Why Treating Sleep Apnea Matters – The Larger Picture
Untreated obstructive sleep apnea (OSA) affects not only the quality of life for the individual suffering with the condition, but the quantity of life as well. There is significant amount of medical research now, and more each year, that demonstrates the serious consequences of sleep deprivation / sleep fragmentation / chronic intermittent hypoxia (all of which accompanies OSA) to the person not successfully managing this condition.
It is well documented that multiple bodily systems are damaged by untreated OSA – cardiovascular, endocrine, and vascular, as well as impaired neurocognitive functioning. This damage can contribute to a number of serious medical conditions; many of these are life threatening / life shortening.
Beyond the individual whose life is shortened and made miserable, there are others similarly affected either directly or indirectly due failure to address OSA effectively. This brief essay seeks to illuminate the public health urgency of treating sleep apnea due to the impact spreading beyond just the individual. I conclude with a plea to members of the dental community to intervene.
The harm from OSA extends to the bed partner, if there still is one. Snoring, which frequently precedes the pauses in breathing can disrupt the sleep of the bed partner, as can the gasping and startling that can accompany the arousal that occurs when breathing restarts. It is as though the bed partner has OSA as well with all the attendant consequences – daytime sleepiness, weight gain, and irritability, all from fragmented, poor quality sleep. It would be interesting to see how the divorce rate correlates with the incidence of untreated sleep apnea among previously married couples.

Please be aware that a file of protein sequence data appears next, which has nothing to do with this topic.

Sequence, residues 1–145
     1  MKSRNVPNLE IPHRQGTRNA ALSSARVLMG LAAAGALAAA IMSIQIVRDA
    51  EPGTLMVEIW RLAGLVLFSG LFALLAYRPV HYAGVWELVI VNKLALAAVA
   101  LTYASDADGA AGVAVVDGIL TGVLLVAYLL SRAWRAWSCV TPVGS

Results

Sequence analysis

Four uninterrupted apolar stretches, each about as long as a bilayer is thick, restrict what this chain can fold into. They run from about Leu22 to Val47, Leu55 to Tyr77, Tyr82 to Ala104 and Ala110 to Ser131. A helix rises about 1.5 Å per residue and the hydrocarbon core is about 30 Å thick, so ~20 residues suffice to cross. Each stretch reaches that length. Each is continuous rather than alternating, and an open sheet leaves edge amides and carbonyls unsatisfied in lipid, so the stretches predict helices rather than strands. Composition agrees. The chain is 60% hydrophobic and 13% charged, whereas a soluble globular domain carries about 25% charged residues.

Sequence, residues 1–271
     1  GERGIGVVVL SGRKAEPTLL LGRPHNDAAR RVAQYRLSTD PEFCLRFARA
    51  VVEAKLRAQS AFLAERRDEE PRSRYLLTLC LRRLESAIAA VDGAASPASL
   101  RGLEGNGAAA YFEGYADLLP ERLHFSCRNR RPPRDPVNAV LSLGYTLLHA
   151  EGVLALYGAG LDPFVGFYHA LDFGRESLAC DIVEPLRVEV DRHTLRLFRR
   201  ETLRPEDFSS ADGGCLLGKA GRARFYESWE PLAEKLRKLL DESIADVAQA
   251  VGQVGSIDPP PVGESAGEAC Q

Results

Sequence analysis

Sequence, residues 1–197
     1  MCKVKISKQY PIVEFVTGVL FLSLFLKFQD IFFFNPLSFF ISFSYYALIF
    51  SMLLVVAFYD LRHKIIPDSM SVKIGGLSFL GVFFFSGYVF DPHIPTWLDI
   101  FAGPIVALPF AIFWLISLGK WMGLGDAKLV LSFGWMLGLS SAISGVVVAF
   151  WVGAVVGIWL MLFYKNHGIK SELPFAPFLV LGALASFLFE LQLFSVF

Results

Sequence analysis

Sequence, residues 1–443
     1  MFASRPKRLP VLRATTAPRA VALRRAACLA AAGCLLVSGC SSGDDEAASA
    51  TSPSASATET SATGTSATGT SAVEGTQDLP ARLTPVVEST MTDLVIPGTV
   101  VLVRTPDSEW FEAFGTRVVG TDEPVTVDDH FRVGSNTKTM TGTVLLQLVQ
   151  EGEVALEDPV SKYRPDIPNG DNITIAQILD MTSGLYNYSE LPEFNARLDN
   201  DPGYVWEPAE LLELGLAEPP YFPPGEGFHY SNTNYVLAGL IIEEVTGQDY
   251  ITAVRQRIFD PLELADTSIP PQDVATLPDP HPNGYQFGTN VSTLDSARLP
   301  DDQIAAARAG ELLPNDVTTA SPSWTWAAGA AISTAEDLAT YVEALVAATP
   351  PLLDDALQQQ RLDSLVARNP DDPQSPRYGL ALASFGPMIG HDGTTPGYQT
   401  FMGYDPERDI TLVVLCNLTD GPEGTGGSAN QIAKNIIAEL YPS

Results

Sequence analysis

The negative effects on the direct and indirect sufferers can spill over onto the children and other family members. Poor sleep impairs judgment and provokes short tempers; family members suffer. The injury to them may be less apparent but is no less serious – the psychological harm can have consequences into later life.
Excessive daytime sleepiness (EDS), one of the better known sequela of OSA, can have dramatic consequences outside the home as well. The media is full of accounts of drivers, commercial or private passenger, who fall asleep while driving or who are operating a vehicle while drowsy causing serious auto or truck accidents resulting in injury, death and property damage.
The workplace is also not immune from the negative impact of untreated OSA. The cost to employers can be direct; health insurance costs increase to manage chronic diseases like high blood pressure and diabetes. EDS can also result in workplace accidents and errors in judgment that result in financial losses.
The effects of this condition, not properly managed, extend beyond the home and the workplace. The larger community suffers from the additional expense of managing chronic conditions like heart disease, diabetes and depression through higher health care utilization which in turn results in higher healthcare costs.
A number of years ago, I described this as the ripple effect of OSA. Where the poor health of one sufferer spreads out like the ripples a stone thrown in the middle of a pond, extending further and further out, negatively impacting many people. If one considers how many people who remain undiagnosed with OSA – the numbers are in the tens of millions of adults – the turbulence in the pond is staggering.
Dentists, whether they are actively engaged in sleep medicine or not, have a unique opportunity to help settle the waters by using the semi-annual preventive care visit to educate patients about their risks of sleep apnea. Evidence of mouth breathing or inflammation of the upper airway could lead to several simple questions about sleep quality. Positive findings trigger a referral to a qualified sleep medicine physician for further evaluation.
Oral appliance therapy administered by a dentist qualified in dental sleep medicine is recognized now as a first-line therapy. The number of dentists qualified to provide this intervention and ongoing care is increasing year by year. My hope is that those reading this opinion piece will do what they can to address what unfortunately is seen as a “sleeping” epidemic.
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